Urey Life Detector
The Urey: Mars Organic Oxidant Detector has been designed by NASA-funded researchers to look for life on Mars. This "life detector" will check for life's essential molecules at incredibly small concentrations. Urey will also distinguish between amino acids made by biological and non-biological processes.
(Urey: Mars Organic and Oxidant Detector)
The device is named after Harold Urey, who received the 1934 Nobel Prize in chemistry; Dr. Urey is also known for a 1953 experiment with Stanley Miller in which it was shown that a lightning-like discharge in a test tube full of methane, hydrogen, ammonia and water could produce amino acids.
Every form of life on Earth has proteins assembled from chains of amino acids. However, amino acids can be made both by living organisms and by non-biological processes. The presence of amino acids alone do not prove the existence of life.
It turns out that non-biological processes create a 50/50 mix of left- and right-handed versions of the molecules. Living things on Earth, however, make and use left-handed amino acids almost exclusively. Clever Urey the life detector will be looking for the ratio between left- and right-handed molecules.
A Urey component called the micro-capillary electrophoresis unit has the critical job of separating different types of organic compounds from one another for identification, including separation of mirror-image amino acids from each other. "We have essentially put a laboratory onto a single wafer," said Dr. Richard Mathies of the University of California, Berkeley, a Urey co-investigator.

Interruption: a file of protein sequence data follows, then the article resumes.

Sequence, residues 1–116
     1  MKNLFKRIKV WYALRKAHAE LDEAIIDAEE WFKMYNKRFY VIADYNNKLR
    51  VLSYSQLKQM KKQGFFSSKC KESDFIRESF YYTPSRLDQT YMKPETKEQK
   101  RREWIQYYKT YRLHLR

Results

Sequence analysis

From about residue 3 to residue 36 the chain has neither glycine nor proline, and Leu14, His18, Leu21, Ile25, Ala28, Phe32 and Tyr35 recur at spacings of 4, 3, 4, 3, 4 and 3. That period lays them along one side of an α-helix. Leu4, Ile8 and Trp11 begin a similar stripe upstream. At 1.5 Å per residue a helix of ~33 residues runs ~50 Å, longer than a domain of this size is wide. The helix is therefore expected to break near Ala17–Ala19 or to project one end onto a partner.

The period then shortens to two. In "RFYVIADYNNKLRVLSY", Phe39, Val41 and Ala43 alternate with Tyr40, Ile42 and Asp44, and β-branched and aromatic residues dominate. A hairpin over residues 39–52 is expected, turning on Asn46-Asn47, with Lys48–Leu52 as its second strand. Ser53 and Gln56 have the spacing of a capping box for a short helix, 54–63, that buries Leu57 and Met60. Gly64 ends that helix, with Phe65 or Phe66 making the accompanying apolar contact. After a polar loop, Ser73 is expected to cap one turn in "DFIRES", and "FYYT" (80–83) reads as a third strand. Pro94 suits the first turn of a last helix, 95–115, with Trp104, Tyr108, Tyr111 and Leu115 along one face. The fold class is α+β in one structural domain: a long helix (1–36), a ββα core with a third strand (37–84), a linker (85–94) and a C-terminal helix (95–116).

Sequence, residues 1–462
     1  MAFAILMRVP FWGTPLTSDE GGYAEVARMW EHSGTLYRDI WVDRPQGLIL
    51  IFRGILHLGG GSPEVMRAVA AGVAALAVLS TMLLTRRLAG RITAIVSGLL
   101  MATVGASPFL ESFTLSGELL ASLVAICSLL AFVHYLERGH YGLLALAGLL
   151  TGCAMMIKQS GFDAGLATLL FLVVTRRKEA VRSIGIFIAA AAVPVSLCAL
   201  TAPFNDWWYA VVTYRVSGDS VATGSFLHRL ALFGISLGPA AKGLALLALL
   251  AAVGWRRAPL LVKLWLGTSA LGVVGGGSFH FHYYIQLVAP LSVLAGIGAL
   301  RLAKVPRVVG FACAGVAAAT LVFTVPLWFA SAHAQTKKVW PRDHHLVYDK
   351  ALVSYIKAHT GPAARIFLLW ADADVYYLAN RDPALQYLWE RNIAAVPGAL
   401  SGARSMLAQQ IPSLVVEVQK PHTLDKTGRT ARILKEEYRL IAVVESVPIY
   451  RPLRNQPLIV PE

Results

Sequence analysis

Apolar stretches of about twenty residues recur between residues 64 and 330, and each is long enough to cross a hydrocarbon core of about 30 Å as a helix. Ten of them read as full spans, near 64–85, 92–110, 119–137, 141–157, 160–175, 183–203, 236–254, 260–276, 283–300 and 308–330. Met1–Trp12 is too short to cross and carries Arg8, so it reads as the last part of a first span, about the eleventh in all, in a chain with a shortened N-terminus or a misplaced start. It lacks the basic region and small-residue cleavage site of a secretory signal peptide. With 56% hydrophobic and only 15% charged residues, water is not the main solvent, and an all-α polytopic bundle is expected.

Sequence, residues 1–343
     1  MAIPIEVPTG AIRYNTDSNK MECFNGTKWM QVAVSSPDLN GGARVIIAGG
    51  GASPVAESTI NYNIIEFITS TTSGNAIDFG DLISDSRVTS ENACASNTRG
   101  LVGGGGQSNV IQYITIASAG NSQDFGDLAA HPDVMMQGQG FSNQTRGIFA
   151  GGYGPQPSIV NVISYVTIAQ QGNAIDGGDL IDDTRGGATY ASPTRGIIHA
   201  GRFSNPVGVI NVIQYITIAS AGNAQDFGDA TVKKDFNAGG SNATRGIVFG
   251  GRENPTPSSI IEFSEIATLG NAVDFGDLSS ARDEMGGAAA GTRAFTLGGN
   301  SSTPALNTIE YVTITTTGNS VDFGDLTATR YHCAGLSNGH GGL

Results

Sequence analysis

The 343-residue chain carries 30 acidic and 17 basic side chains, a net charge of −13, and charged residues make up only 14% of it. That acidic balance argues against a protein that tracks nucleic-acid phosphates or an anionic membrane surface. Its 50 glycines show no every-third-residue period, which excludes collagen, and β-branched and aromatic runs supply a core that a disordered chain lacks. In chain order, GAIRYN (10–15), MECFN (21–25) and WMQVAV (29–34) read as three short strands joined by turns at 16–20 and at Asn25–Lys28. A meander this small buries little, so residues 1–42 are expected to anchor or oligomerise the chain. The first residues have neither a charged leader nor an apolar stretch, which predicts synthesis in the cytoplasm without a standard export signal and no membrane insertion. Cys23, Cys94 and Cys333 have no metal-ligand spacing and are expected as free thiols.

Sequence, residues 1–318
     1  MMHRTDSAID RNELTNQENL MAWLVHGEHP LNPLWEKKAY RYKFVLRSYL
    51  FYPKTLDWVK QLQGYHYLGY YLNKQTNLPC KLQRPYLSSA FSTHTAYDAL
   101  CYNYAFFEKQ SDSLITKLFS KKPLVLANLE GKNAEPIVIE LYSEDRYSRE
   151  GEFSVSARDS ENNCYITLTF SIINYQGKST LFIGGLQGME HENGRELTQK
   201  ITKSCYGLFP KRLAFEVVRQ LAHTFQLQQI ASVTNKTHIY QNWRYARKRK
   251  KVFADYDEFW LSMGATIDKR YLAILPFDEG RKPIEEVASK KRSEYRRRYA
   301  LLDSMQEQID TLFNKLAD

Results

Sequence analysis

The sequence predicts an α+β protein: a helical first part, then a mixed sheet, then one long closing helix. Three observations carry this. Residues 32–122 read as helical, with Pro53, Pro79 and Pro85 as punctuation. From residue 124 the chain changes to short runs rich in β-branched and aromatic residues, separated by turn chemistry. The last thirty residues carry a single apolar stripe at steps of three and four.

The European Space Agency has chosen Urey to be part of the payload for the ExoMars rover planned for launch in 2013. The rover will grind Martian soil to a fine powder and then deliver it to a suite of instruments, including Urey.
The Urey sensor will remind many people of the long range "sensor scans" on science fiction programs like Star Trek. However, author Frank Herbert thought about the idea a decade earlier in his short story Cease Fire:
The antennae of the Life Detector atop the OP swept back and forth in a rhythmic halfcircle like so many frozen sticks brittle with rime ice...
(Read more about Frank Herbert's )
You might also be interested in this earlier article on life detecting sensors: Zoe Robot To Find Life On Distant Worlds. See also these related stories:
Read a bit more at the Hubo lab website.
Scroll down for more stories in the same category. (Story submitted 3/13/2007)
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